The cats of T.S. Eliot and Edward Gorey. Old Possum on naming cats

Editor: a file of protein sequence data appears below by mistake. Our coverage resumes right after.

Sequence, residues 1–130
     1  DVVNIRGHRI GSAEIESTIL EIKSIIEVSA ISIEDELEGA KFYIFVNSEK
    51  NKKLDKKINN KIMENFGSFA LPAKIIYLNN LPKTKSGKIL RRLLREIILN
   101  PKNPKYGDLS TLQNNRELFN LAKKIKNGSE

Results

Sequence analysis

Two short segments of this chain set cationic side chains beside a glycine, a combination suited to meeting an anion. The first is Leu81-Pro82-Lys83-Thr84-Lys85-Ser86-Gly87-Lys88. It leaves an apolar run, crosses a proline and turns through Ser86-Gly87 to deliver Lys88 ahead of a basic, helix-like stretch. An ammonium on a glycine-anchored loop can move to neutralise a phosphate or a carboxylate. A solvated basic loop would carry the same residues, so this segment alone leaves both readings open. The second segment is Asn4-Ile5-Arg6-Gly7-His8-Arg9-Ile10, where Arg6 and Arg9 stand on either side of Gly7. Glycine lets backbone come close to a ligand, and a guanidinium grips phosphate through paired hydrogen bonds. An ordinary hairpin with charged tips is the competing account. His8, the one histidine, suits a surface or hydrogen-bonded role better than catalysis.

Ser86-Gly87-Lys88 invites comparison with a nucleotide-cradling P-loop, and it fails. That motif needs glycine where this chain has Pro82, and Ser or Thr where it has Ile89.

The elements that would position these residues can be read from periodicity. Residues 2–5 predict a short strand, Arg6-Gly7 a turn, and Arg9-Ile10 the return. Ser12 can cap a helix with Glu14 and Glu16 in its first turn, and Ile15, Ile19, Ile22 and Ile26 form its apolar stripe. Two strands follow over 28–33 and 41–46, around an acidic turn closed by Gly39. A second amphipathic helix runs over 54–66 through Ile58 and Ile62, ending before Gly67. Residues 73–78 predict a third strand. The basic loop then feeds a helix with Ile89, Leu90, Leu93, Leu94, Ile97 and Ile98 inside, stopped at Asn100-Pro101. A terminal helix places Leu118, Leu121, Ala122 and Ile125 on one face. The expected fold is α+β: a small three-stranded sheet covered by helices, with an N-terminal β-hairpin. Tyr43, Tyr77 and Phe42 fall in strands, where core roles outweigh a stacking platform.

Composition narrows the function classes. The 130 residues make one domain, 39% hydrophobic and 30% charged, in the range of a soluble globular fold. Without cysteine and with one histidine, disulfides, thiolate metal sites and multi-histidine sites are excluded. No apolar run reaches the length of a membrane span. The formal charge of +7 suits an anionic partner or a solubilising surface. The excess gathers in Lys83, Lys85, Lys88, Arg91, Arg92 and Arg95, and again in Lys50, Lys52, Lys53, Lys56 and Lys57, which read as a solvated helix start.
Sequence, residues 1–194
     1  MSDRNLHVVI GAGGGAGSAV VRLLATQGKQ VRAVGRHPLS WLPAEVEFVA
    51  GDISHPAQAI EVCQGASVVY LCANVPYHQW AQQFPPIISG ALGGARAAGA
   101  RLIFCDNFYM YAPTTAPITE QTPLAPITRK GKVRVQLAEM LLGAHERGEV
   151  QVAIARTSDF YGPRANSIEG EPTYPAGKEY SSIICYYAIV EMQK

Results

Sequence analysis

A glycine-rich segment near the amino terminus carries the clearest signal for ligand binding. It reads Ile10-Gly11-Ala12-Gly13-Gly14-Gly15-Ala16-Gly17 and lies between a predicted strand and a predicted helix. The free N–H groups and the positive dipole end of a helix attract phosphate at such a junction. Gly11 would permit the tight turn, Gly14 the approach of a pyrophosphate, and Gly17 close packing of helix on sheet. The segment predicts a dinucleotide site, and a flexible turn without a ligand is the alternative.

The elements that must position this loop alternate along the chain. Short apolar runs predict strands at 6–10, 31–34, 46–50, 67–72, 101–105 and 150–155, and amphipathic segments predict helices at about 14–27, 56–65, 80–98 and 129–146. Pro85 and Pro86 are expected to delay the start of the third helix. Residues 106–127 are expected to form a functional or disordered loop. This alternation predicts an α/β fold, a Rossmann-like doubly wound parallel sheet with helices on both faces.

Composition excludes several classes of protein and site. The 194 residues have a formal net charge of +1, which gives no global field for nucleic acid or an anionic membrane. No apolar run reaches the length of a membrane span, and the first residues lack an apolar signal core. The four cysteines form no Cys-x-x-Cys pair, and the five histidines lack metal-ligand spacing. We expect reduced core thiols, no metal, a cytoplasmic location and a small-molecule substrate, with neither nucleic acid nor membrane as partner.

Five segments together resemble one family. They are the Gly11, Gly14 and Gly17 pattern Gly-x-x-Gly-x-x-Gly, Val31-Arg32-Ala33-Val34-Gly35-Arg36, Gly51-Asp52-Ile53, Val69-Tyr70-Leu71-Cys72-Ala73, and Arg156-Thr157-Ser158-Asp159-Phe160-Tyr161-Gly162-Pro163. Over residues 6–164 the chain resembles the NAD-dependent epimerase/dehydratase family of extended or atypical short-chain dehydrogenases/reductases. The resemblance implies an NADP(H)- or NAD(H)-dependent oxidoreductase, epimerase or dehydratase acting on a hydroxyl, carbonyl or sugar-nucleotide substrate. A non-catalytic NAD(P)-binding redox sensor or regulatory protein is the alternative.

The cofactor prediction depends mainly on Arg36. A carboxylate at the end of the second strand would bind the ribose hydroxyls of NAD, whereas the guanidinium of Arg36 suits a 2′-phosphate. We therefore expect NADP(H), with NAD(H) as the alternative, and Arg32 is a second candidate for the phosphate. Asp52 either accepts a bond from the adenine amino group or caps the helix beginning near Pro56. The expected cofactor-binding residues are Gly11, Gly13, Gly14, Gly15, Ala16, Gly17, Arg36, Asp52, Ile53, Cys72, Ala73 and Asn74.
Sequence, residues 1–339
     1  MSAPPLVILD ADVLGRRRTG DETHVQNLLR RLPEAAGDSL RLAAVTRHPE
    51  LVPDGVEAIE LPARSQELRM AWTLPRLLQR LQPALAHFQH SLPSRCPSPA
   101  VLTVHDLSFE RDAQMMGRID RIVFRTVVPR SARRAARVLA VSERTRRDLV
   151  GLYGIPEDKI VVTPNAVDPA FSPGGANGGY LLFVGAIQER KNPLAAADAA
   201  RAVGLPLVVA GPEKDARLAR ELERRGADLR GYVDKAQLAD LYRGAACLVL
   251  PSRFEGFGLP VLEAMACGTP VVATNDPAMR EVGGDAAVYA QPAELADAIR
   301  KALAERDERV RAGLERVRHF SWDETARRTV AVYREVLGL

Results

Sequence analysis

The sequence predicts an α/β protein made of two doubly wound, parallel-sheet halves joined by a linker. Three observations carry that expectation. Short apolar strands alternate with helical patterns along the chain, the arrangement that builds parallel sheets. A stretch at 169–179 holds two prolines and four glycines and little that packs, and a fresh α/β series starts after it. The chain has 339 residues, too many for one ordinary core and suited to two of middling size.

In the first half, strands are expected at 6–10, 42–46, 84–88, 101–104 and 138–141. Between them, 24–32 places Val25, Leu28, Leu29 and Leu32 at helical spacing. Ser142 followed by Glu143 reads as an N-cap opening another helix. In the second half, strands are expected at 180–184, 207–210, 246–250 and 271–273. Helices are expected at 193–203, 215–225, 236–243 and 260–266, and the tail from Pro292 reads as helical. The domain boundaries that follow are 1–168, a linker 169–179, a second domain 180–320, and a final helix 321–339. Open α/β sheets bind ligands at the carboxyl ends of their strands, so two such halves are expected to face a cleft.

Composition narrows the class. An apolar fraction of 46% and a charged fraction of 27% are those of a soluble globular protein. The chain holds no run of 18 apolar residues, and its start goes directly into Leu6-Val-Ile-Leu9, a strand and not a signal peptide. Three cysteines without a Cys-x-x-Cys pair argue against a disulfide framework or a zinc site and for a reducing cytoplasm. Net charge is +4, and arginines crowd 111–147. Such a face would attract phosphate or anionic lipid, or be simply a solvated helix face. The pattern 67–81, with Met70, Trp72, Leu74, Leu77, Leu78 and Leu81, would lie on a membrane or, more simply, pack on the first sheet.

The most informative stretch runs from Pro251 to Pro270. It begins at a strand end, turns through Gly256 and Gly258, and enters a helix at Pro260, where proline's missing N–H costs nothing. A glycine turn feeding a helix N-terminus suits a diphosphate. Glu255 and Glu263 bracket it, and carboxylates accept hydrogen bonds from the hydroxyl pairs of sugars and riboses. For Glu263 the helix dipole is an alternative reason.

T.S. Eliot's ``The Waste Land'' put a poetic signature on a generation between the world wars. His similarly dry and searching criticism (``We know too much, and are convinced of too little'') did not exactly prepare readers for the literary jocosity of ``Old Possum's Book of Practical Cats'' (1939). Here is the first poem, ``The Naming of Cats,'' from the small volume that was read by Robert Donat in a classic phonograph recording and more recently put on stage in a London and New York musical hi t, ``Cats.'' The photograph to the right is of a forthcoming United States postage stamp in honor of the poet. The Naming of Cats is a difficult matter, It isn't just one of your holiday games; You may think at first I'm as mad as a hatter When I tell you, a cat must have THREE DIFFERENT NAMES. First of all, there's the name that the family use daily, Such as Peter, Augustus, Alonzo or James, Such as Victor or Jonathan, George or Bill Bailey -- All of them sensible everyday names. There are fancier names if you think they sound sweeter, Some for the gentlemen, some for the dames: Such as Plato, Admetus, Electra, Demeter -- But all of them sensible everyday names. But I tell you, a cat needs a name that's particular, A name that's peculiar, and more dignified, Else how can he keep up his tail perpendicular, Or spread out his whiskers, or cherish his pride? Of names of this kind, I can give you a quorum, Such as Munkustrap, Quaxo, or Coricopat, Such as Bombalurina, or else Jellylorum -- Names that never belong to more than one cat. But above and beyond there's still one more name left over, And that is the name that you never will guess; The name that no human research can discover -- But THE CAT HIMSELF KNOWS, and will never confess. When you notice a cat in profound meditation, The reason, I tell you, is always the same: His mind is engaged in a rapt contemplation Of the thought, of the thought, of the thought of his name: His ineffable effable Effanineffable Deep and inscrutable singular Name. From `Old Possum's Book Of Practical Cats,' By T. S. Eliot, Illustrated by Edward Gorey, copyright 1939 by T. S. Eliot, renewed 1967 By Esm'e Valerie Eliot; illustrations copyright 1982 by Edward Gorey. Reprinted and reproduced by permission of Harcourt Brace Jovanovich, inc.